This is the third section in the back-to-school series for PCB Designers and those who may want to know more about it.
- PCB Outlines: Boards and Panels
- Getting Ahead of the Tolerance Problem
- Assembly Sub-Panels - Making Room for Manufacturing
- Graduate School Zone
Before you can place the virtual components on the board, you need a virtual board. In addition to describing the outer limits of a PCB, the outline drawing will cover several things. Expect connector placement, mounting holes, keep-outs for mechanical hardware like heat pipes and RF shields.
When you get a new outline drawing, it pays to do a thorough evaluation. There may be an area where the PCB is overly constrained. The longer you wait to express your concern the less likely it is that there will be wiggle room. Once the interconnections that feed the board are drawn up, it may be too late to rotate a connector or move a mounting hole.
If the outline drawing includes any high-precision positional tolerances, thickness, flatness, or unilateral tolerances, it would be necessary to run all of these past the fabrication vendor(s). A lot of component vendors put unrealistic tolerances on their datasheets. The mechanical engineer or librarian would be inclined to pass these tolerances right along.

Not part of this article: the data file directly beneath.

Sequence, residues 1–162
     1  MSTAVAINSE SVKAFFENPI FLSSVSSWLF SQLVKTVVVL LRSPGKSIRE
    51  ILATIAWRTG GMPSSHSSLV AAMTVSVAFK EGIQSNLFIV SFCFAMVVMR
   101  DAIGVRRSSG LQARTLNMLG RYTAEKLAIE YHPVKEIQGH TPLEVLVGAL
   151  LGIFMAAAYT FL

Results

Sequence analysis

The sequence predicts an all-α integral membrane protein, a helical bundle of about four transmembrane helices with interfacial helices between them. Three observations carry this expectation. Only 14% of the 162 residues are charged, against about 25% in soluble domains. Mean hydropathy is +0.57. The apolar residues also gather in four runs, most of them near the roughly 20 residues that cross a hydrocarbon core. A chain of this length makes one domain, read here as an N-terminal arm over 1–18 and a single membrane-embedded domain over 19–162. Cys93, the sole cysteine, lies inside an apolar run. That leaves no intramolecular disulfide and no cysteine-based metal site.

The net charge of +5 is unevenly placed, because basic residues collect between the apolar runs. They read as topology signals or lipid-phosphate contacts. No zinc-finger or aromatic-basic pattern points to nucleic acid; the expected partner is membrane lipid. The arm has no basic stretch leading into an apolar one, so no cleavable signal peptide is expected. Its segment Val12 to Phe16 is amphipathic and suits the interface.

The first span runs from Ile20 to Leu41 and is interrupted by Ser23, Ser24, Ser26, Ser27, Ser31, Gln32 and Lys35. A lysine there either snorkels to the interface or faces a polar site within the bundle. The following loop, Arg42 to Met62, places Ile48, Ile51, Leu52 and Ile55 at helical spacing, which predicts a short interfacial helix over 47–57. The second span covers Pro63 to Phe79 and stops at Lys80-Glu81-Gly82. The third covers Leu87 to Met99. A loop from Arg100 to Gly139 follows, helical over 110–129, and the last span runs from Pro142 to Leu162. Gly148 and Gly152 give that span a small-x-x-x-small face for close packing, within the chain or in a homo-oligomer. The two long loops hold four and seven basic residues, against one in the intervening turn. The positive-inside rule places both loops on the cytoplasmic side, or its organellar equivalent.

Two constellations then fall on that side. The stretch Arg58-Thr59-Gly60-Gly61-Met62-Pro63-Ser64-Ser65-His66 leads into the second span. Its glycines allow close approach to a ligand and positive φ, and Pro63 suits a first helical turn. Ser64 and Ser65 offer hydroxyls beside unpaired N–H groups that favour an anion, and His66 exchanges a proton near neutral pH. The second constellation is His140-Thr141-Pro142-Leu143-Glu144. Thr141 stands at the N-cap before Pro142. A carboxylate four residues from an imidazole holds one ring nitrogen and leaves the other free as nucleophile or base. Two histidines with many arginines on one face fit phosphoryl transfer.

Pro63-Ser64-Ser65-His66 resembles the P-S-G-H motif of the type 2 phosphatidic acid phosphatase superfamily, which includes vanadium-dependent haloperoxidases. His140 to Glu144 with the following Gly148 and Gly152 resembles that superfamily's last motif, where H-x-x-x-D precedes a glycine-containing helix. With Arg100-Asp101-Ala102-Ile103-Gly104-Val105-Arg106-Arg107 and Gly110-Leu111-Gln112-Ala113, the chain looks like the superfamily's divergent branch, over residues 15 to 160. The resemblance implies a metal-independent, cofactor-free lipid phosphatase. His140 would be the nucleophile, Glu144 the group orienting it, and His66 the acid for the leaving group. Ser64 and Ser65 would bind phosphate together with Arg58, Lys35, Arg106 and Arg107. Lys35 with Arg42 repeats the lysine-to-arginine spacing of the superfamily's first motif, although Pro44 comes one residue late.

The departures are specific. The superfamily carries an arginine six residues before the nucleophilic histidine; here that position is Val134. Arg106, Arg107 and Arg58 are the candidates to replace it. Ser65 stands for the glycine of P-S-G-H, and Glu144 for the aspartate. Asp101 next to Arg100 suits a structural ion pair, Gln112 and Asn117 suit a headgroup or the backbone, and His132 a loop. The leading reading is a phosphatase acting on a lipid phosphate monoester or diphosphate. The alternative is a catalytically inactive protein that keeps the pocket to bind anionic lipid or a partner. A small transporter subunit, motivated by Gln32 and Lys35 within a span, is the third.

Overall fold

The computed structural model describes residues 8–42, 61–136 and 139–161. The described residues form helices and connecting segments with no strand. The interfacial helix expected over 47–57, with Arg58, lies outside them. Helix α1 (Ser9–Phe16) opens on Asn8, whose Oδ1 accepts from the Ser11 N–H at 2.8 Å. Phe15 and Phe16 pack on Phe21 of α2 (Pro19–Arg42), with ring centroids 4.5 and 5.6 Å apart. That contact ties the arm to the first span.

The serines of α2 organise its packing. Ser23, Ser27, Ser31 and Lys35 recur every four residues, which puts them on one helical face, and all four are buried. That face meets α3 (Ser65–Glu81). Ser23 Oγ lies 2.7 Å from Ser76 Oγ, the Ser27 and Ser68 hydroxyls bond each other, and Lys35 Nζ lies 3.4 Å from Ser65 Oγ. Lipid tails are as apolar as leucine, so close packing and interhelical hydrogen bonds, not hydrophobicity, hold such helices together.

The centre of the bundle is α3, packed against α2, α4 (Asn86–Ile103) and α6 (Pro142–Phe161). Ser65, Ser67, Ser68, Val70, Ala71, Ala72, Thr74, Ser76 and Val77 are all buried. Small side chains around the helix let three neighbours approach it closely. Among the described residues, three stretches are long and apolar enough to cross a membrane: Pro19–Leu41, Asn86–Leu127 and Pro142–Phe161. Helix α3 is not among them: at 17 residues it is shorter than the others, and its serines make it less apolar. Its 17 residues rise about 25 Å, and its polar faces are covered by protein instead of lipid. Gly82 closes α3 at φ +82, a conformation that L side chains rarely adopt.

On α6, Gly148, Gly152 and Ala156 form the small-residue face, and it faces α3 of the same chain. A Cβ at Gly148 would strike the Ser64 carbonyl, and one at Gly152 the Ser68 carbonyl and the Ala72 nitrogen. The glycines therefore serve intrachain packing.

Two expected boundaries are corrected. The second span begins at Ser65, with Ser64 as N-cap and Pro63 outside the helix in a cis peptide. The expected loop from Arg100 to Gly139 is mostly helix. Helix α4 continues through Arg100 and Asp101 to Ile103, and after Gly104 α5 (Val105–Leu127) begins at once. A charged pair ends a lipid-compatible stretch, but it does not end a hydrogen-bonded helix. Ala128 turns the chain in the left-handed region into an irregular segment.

As the expert, it’s up to you to confirm that the tight tolerances can be met in volume production. From my experience, the most common request that can’t be met is regarding PCB thickness. A two layer PCB made of ceramic material has a chance of holding a tight thickness tolerance. Multilayer boards made of glass, resin copper along with various plating and coating layers will generally be held to 10% of the nominal thickness.
Wishful thinking in product design would like to have a better handle on this variable. Control of the Z-stack would be nice but a PCB is not like a block of aluminum. The dielectric breathes in moisture like a sponge. It expands and contracts with temperature. Even if the vendor “inspected in” the thickness by discarding all of the panels that didn’t meet the tolerance, there’s no guarantee that it wouldn’t go into an altered state.
To some extent, this applies to warpage as well. While I’m confident in this statement, the mechanical engineer may not want to believe it. You may have gone down this road yourself. The thing to do is bring in the final arbitrator. The fab shop is just a phone call or an e-mail away. You still might get a “yes-man” answer from the sales team so ask the planner or the CAM engineer. If you don’t know them, ask for a tour of the factory and get to know them. If they’re too remote, you may wind up doing a little bit of networking to get the unvarnished truth.
While you’re contacting the vendors about the new outline criteria, it would be a good time to broach the subject of assembly sub-panels. Edge connectors have to be factored into the sub-panel so that they can be placed without depanelizing the individual boards. Break-off tabs that allow removal of the assembly may intrude into the board a little. Knowing where they will go allows you to accommodate them. The end-game is probably the worst time to negotiate details that could have been solved earlier. The fewer surprises, the better.